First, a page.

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  • Productivity nerds! Where do you do your deep work? (TPS123)


Mike and Thanh discuss the tools, environments, and time needed to do your best work – deep work. Deep work is when you are devoting your entire attention to your most important task, and it’s something many people struggle with. In this episode we cover ideas like clearing to neutral, managing your energy levels, sounds and music that promote deep work, and more.

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Cheat Sheet

  • Why people struggle to make time to do deep work
  • The ritual Thanh follows when he does deep work
  • Why you should try working in 90 minute cycles
  • The things that you need to do to really move the needle when it comes to being productive
  • Setting up your environment so it is easier to do deep work
  • The importance of clearing to neutral and how it can help you get started quicker
  • Managing your energy levels in order to maximize the effectiveness of your deep work
  • Essential tips for working from coffee shops efficiently
  • Sounds and music that you can use to stimulate productivity
  • How items, events, and environments can act as an anchor that triggers deep work
  • Why you should really consider using a Pomodoro timer when doing deep work
  • How to create the time and space to do deep work effectively
  • The importance of scheduling time to do your deep work on your calendar
  • How to implement the 80/20 principle when doing deep work
  • Why a standing desk can significantly boost your productivity
  • How an external monitor can help you work more efficiently
  • How changing up your space can inspire deep work


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  1. I enjoyed this episode. I do my best deep work when I don’t have the distractions of people or hunger. Sometimes this means working in the home office with the door closed, other times it means getting up very early (ahead of my children). I need breaks after an hour and a half or so to go outside, get my heart rate up, and breathe in fresh air.

    I wrote an essay many years ago about working in a coffee shop. I only had one child then. Now, there are three, and it’s still great to get out every once in a while and work at one. No distractions of laundry or clutter, and just the right amount of noise. My youngest child started school this year, and although I’m using a quieter house to my advantage, I work best with some low, steady noise.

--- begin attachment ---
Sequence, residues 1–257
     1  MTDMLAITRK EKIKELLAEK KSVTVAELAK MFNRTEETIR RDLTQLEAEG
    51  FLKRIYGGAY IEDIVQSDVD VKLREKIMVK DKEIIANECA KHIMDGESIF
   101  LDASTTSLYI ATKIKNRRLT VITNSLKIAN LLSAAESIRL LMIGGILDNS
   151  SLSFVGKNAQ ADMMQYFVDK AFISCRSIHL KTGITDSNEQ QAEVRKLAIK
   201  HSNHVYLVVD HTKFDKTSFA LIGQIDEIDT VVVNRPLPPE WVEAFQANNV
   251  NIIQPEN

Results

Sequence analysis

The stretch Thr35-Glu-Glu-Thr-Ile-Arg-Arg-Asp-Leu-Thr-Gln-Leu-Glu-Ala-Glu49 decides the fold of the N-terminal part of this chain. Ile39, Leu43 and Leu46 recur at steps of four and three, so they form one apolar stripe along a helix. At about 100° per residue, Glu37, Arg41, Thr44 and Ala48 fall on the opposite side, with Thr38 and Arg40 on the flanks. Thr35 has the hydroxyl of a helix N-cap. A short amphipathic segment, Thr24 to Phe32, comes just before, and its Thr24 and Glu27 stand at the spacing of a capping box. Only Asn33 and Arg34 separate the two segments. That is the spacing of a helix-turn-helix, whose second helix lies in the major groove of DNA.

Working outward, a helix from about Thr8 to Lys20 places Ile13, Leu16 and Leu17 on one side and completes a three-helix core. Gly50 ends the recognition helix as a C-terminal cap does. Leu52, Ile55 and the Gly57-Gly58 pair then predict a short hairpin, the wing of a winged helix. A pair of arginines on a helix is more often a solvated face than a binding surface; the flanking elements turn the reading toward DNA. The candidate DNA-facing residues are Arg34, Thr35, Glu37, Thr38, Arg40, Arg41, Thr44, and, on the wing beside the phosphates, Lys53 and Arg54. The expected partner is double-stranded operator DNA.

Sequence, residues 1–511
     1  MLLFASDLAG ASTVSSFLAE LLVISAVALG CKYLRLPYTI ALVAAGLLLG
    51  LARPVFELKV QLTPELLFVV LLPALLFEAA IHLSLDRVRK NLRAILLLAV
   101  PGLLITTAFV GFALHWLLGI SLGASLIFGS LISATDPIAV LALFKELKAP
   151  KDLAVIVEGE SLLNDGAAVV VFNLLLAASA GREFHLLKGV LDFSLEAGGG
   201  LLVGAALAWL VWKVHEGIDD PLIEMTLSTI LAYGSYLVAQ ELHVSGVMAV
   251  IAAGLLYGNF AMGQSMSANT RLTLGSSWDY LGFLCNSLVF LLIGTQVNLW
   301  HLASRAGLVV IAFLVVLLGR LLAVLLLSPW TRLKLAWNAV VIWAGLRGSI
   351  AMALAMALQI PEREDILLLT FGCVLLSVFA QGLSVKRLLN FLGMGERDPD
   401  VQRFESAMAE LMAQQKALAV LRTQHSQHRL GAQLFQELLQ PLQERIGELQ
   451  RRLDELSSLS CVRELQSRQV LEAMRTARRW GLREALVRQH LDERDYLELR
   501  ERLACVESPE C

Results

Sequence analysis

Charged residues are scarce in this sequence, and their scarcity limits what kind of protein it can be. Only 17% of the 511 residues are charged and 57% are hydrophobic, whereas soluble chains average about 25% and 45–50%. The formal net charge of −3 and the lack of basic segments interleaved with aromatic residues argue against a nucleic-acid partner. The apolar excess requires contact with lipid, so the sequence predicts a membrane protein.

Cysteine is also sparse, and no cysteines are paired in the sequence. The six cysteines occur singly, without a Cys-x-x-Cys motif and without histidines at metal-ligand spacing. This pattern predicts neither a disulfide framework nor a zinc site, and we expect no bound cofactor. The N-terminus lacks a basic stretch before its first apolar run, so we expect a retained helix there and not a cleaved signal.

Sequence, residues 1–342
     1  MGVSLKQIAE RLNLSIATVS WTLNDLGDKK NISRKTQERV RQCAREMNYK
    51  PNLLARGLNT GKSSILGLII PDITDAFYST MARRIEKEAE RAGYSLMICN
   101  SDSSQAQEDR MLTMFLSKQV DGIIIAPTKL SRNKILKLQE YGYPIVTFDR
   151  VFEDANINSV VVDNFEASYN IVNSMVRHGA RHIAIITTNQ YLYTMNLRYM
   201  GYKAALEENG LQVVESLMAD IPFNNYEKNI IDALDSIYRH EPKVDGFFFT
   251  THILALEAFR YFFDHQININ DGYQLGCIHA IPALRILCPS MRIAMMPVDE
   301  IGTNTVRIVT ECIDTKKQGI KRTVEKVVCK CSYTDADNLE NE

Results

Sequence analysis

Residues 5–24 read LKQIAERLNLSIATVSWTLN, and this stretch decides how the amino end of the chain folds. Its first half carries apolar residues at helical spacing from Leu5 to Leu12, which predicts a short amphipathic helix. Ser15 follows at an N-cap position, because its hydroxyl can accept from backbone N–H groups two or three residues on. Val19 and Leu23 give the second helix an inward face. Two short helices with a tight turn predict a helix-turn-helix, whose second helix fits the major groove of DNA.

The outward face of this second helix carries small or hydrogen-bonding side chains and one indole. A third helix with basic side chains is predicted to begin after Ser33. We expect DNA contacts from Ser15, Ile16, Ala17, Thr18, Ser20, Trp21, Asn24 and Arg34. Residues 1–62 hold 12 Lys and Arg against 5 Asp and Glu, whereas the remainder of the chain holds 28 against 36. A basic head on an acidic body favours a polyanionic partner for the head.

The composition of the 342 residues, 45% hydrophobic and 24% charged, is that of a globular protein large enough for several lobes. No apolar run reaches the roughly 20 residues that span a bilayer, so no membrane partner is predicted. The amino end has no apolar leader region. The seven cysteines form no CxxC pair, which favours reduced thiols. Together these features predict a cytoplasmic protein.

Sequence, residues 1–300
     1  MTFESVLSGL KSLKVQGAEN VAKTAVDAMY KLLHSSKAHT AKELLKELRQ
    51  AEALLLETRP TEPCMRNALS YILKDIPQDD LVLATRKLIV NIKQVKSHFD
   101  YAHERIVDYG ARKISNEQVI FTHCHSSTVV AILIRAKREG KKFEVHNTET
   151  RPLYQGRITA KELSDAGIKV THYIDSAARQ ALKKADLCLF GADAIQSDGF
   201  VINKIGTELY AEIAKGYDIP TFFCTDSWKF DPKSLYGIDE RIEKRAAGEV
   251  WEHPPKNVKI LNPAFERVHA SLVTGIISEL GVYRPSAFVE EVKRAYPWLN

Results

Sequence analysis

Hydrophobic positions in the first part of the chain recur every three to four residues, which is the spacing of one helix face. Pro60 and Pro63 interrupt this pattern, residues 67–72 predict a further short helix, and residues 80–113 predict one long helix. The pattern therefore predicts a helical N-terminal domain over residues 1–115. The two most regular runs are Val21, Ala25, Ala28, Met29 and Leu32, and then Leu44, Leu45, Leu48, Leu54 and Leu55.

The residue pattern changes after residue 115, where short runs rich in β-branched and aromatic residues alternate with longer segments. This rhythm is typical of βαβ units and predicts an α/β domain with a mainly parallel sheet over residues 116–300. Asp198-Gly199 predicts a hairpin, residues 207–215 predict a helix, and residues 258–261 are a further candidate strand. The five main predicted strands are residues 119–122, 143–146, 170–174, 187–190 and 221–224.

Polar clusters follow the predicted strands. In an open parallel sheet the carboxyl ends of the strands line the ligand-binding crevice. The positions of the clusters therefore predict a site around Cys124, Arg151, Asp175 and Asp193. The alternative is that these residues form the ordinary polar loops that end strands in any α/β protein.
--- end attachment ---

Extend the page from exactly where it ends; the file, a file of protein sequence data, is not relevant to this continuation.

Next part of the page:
I’ve never understood the standing desk. I thought people were using those to combat being sedentary, but standing for long periods of time is still sedentary, and comes with its own set of
    issues for back, neck, and leg pain. Standing for long periods is much more distracting to me than sitting (though I shift around when I’m having to sit), and I that would cause me to lose the energy to get up and run around or exercise on breaks in my deep work.

    I appreciate the comment about friction. When I keep my home office straightened up and desk cleared, as well as other areas around the house I work at, it’s so much easier to focus and get started right away.

  2. Hi,

    I think this was one of my favourite episodes. I have read the book and listened to your previous podcasts in the field, and AE has gotten me hooked on the concept of setting aside time for deep work. I have been struggling with setting up my environment for deep work so this helped me out a lot. I found that all your techniques and suggestions where easy to understand and apply, it was a really good complement to the book. I thought I would give you some feedback on what I really liked and what I missed out on. I start with my three main takeaways.

    1. The recommendation of buying the Bose QuietComfort 35 headphones. I am not tech savvy so I tend to buy cheap electronics and I often end up being dissapointed and wanting to buy something of higher quality. I got inspired to set up some personal goals for my deep work habits and reward myself with a pair of Bose QC 35 if I can meet them.

    2. Managing your energy levels. This is a concept I have heard the podcast talk about many times and I acknowledge that it is important. I will try to consider it more when perfoming my daily and weekly planning.

    3. Thanhs insight that he sits when he is writing but stands for the reminder of the day was helpful. I have realized that I tend to sit down when I need to focus during my most intense periods of deep work. I will experiment with sitting when writing during deep work, and otherwise standing.

    Regarding improvement; I would have enjoyed some practical tips on how to create the right environment for deep work in a “traditional” working setting such as an office landscape and/or cubicle.

    // Peter

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